Steam-turbine-driven chillers have been around for almost a century. Now, with a stable supply of low cost natural gas in the United States, steam-turbine-driven chillers are becoming a popular choice, particularly for large combined heat and power (CHP) applications. Steam-turbine-driven chillers also are attractive when the cost of steam is relatively low compared to the cost of electricity.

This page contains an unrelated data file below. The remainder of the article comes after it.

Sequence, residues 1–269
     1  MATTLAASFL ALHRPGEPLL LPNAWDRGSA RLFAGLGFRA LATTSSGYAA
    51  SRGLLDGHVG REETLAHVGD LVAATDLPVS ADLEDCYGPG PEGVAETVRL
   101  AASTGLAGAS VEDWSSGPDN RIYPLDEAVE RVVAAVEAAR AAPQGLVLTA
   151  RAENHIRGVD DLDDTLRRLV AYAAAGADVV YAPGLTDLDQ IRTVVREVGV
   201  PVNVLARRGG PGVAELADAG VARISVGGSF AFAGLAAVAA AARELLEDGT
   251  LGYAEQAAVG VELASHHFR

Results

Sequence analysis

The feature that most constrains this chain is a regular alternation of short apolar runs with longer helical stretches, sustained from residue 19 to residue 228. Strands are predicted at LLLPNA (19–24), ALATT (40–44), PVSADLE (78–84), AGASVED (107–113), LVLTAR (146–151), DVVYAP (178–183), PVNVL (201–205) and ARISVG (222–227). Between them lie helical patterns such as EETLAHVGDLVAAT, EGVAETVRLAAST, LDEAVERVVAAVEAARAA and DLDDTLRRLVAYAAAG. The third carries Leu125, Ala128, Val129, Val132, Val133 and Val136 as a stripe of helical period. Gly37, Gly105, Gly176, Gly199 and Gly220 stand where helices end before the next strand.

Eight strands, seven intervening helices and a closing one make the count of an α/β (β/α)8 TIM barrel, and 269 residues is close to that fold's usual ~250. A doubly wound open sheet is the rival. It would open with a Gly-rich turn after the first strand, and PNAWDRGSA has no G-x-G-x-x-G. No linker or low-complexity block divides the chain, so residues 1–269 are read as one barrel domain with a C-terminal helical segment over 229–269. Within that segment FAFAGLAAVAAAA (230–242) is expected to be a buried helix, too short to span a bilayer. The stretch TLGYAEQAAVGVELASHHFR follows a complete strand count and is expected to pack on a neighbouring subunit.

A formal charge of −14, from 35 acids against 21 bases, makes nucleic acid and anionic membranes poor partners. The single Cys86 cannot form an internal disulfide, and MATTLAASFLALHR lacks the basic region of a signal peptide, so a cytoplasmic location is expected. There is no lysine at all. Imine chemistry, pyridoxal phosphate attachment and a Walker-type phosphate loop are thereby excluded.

A conventional utility power plant has an average electrical efficiency of 35 percent. This means that 65 percent of the input primary fuel energy is wasted. In a combined heat and power system utilizing a combustion gas turbine (with typical electrical loads greater than 1 MW), the exhaust gas heat is recovered to produce steam at medium-to-high pressures — useful for heating and cooling. In so doing, the overall system efficiency increases to almost 90 percent, which is maintained year-round. Only 10 percent of the input primary fuel energy is wasted.